Hitting Rock Bottom: Children and Torture in the Kurdistan Region of Iraq


A 2017 report released by international watchdog Human Rights Watch (HRW) describes the worrying practices carried out by Asayish—the Kurdistan Regional Government’s (KRG) security agency—on children in the Kurdistan region of Iraq. According to the report, Asayish detained several children aged 11 to 17 on suspicion of links to ISIS, with not much of a legitimate legal basis and without granting them access to legal counsel or even the possibility to contact their families. On top of this, Asayish is reported to have carried out torture against detained children. According to the children that were interviewed by Human Rights Watch, the torture involved being held in stress positions, beaten or even shocked with electricity. Often, it would lead them to confessing things they had not done in order to stop the torture.

Even though Human Rights Watch made allegations concerning the maltreatment of children by KRG and contacted KRG authorities two years ago urging them to investigate these matters, not much seems to have changed. According to a 2019 report by Human Rights Watch, Asayish is still carrying out torture against children in the Kurdistan Region of Iraq, in similar ways as those described in the 2017 report, and for the same reasons. KRG have detained all the children that were interviewed by Human Rights Watch at the Women and Children’s Reformatory in Erbil (a locked detention centre) and refused them access to legal counsel. KRG officials have also tortured and threatened these children, telling them what they should confess. The children’s testimonies are alarming. “Hussein”, whose real name was withheld by Human Rights Watch to protect his identity, said:

“They [Asayish officers] beat me all over my body with a plastic water pipe, and then tied my hands like a scorpion [one arm over the shoulder, and the other behind his back] for two hours. They asked me about ISIS, saying, “You have to confess you are ISIS.” They forced me to confess that I worked with ISIS for one month. They also said I should say I used Kalashnikovs [AK-47s], M16s, and PKCs [machine guns].”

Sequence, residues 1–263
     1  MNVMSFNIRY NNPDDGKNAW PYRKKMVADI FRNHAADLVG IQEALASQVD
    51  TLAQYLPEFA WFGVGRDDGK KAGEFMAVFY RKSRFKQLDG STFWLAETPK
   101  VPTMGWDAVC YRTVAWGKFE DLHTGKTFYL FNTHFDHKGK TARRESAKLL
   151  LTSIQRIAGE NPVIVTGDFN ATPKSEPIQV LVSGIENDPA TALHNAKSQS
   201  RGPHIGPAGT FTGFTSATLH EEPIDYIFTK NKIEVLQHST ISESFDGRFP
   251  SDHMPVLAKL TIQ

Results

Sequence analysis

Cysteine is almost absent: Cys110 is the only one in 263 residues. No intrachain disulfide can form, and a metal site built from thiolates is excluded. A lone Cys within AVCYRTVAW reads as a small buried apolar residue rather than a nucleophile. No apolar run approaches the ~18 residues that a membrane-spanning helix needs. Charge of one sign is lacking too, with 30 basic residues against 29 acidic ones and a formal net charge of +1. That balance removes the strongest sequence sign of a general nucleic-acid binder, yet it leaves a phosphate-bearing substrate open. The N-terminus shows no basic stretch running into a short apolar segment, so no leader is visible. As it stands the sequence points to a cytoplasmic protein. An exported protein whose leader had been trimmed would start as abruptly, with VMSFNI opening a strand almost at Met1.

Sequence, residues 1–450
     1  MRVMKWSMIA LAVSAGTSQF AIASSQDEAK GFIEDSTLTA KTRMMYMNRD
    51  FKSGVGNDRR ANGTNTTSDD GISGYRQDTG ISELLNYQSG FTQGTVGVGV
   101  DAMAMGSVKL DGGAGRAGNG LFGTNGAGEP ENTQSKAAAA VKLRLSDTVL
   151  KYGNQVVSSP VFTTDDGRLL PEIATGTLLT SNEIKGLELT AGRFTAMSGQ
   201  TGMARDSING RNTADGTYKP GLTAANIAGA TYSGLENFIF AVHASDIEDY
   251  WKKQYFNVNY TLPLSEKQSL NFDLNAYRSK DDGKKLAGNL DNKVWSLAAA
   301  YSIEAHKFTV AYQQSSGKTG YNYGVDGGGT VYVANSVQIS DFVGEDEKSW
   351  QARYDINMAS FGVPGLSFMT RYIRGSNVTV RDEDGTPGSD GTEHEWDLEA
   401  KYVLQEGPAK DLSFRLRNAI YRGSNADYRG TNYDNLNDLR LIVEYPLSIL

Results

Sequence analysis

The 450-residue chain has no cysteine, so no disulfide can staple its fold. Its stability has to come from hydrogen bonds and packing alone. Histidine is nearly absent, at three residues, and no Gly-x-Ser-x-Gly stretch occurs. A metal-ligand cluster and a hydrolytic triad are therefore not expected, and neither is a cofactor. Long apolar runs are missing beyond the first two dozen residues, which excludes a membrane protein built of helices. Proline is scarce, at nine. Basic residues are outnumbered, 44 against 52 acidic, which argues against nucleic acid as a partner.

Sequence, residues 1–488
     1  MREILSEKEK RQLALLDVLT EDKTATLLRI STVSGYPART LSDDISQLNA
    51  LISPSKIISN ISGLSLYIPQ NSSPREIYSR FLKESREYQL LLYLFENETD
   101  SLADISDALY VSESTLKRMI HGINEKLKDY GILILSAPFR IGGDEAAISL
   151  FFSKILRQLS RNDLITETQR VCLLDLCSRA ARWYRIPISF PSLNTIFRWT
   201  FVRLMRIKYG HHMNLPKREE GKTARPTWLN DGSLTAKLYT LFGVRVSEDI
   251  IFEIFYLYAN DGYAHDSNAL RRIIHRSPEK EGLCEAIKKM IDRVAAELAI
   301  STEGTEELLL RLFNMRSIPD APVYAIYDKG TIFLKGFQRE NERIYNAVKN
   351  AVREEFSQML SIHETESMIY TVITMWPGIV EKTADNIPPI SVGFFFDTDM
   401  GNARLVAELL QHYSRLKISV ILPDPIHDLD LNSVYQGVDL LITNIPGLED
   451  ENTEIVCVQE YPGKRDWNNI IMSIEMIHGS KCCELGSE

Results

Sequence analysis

Many children confessed to anything in a desperate attempt to put an end to the torture. “Nearly two years after the Kurdistan Regional Government promised to investigate the torture of child detainees, it is still occurring with alarming frequency,” said Jo Becker, children’s rights advocacy director at Human Rights Watch. The UN Convention of the Rights of the Child,  to which Iraq acceded in 1994, prohibits torture (Article 37(a)) and states that “the arrest, detention or imprisonment of a child shall be in conformity with the law and shall be used only as a measure of last resort and for the shortest appropriate period of time” (Article 37(b)). It also commands that a detained child shall generally be allowed to keep in touch with his or her family (Article 37(c)). According to Article 40 of the Convention, children have the right to legal counsel as well as the right “not to be compelled to give testimony or to confess guilt”. Not only is there evidence that the Kurdistan Regional Government has violated all these obligations, but it is also worrisome that it did not seem to do anything about this when accused and urged to do so.

What is reported to have happened to children on suspicion of links with ISIS in the Kurdistan Region of Iraq is alarming and constitutes a severe violation of international law. As Lama Fakih (deputy Middle East director at Human Rights Watch) said, “the brutal abuse of children produces false confessions, can cause lifelong suffering, and blurs the moral line between ISIS and its foes”. KRG authorities are urged to conduct a thorough investigation surrounding the ill treatment of children in the Kurdistan Region of Iraq, and international attention is required to ensure that justice is achieved.

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